Brief Escapes to Europe



Paris is named after the Parisi, a Celtic person who settled on the city's central island-the Île de la Cité-in the 3 rd Century BC. Paris is world-famous for its beauty and charm, and for its long history as a center of learning and knowledge. The city is divided into 20 political units called arrondissements.

The river Seine enters Paris in the southeast, loops north, and then curves to the southwest before leaving the city. Many of the city's greatest monuments lie on the banks of the river.

Île de la Cité, in the center of the Seine, is considered the birthplace of Paris . The north side of the Seine is called the Right Bank because it lies on the right-hand side when one is facing downstream. Just north of the Hôtel de Ville is the Pompidou centre, also known as Beaubourg, an arts complex devoted to modern and contemporary art and design . West of the Pompidou Center is Les Halles , the site of the central market of Paris from the 12th century until 1969. The market was subsequently replaced by the Forum Les Halles , a multilevel underground complex featuring a shopping mall, museums, the Paris film library and a sports center.

The Louvre, one of the largest and most famous museums in the world, is located southwest of Les Halles , on the Seine . Construction of the current building began in 1546, on the site of a much smaller 13th-century fortress and palace. The kings of France lived here intermittently from 1363 to 1682. The Place de la Concorde , located on the west side of the Jardins des Tuileries, is the most spacious square in Paris . It was laid out in the mid-18th century by French architect jacques Ange Gabriel as a monument to King Louis XV.

The Champs-Élysées (meaning "Elysian Fields") is the most spectacular thorough fare of Paris , running west from the Place de la Concorde to the Place Charles de Gaulle-Étoile (formerly called the Place de l'Étoile). All major civic celebrations take place along this wide avenue, including the Bastille Day military parade on July 14.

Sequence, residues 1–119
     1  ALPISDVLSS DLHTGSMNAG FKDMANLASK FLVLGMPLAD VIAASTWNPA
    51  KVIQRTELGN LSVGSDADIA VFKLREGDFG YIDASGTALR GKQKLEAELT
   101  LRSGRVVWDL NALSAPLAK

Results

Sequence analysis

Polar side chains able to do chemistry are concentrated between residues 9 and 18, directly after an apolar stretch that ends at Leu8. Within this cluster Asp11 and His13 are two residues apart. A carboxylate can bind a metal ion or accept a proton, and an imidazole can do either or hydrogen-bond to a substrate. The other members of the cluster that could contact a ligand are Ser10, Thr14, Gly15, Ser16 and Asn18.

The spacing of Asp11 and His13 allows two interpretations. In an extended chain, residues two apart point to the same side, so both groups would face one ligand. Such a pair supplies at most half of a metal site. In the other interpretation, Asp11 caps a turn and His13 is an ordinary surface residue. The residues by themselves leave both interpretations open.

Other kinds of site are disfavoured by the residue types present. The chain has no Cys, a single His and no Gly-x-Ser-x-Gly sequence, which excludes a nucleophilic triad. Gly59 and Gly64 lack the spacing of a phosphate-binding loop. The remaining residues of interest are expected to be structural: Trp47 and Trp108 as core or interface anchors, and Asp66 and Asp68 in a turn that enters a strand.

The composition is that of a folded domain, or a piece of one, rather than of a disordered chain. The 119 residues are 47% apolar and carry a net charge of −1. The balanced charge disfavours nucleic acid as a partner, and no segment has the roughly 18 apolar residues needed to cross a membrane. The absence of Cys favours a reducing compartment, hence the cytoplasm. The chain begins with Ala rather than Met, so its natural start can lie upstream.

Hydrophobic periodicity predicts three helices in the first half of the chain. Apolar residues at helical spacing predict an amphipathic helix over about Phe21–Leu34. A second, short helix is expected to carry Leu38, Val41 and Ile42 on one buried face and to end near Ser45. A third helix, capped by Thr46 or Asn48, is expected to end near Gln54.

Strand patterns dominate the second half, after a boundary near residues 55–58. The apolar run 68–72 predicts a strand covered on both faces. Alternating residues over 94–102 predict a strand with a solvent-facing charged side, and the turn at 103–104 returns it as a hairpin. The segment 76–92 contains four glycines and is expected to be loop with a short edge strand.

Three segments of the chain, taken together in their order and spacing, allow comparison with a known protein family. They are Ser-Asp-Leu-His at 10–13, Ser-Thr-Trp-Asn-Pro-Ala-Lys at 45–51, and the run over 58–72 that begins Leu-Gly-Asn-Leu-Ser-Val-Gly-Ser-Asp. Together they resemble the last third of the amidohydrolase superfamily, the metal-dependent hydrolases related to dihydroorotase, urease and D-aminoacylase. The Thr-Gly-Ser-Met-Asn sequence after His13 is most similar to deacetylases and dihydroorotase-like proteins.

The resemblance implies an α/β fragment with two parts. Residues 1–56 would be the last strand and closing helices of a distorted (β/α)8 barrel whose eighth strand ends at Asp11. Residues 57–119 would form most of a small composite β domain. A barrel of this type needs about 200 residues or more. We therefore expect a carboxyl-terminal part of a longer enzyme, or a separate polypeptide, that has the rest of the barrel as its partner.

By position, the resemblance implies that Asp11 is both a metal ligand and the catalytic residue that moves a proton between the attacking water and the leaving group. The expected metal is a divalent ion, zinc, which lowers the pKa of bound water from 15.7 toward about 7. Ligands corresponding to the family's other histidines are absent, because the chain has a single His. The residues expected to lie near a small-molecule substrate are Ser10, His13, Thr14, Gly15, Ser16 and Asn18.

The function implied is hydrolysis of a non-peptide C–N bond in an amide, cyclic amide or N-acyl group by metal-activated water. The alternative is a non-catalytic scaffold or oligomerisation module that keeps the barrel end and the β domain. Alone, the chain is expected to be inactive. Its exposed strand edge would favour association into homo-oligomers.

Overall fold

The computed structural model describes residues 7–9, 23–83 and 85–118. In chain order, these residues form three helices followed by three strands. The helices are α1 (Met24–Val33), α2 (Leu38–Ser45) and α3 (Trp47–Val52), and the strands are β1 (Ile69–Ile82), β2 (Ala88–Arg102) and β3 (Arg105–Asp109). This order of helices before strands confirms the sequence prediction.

Montmartre located on the northern edge of Paris, Montmartre is the highest hill in the city. This picturesque neighbourhood is popular with tourists. Countless artists lived in Montmartre in the early 20th century and the area prides itself as the birthplace of modern art. The Basilica of Sacré Coeur, at the top of the hill, was built betwe e n 1875 and 1919

Quartier Latin, or the Latin Quarter . The University of Paris , the oldest university in Europe , established in the neighbourhood in the early 13th century. The area is so named because Latin was the official language of learning until 1789. The Pantheon the secular resting place of some of the nation's heroes, including authors Victor Hugo, Voltaire, and Emile Zola. Saint-Germain-des-Prés the church constructed the 11 th century and is the only remnant of an ancient abbey. It has been renovated or altered several times . Today, Saint-Germain-des-Prés is one of the most elegant and expensive neighbourhoods in Paris , lined with boutiques and art galleries. At night it draws crowds to its restaurants, cafés, cinemas , and nightclubs. The Eiffel Tower and the École Militaire ( Military School ) face each other on the northern and southern edge of the Champ de 03 gardens, west of the Invalides. The Eiffel Tower was built for the 1889 Universal Exposition. The military academy was built in the 18th century under Louis XV. Paris contains around 150 museums . The Louvre houses an exceptional collection of Greek, Roman, and Egyptian antiquities, and great paintings of the French, Italian, Dutch, and Flemish schools. The Mona Lisa (1503-1506) of Leonardo da Vinci and the ancient Greek statues Venus de Milo (150-100 bc ) and Victory of Samothrace (about 200 bc ) are among its world-renowned treasures.

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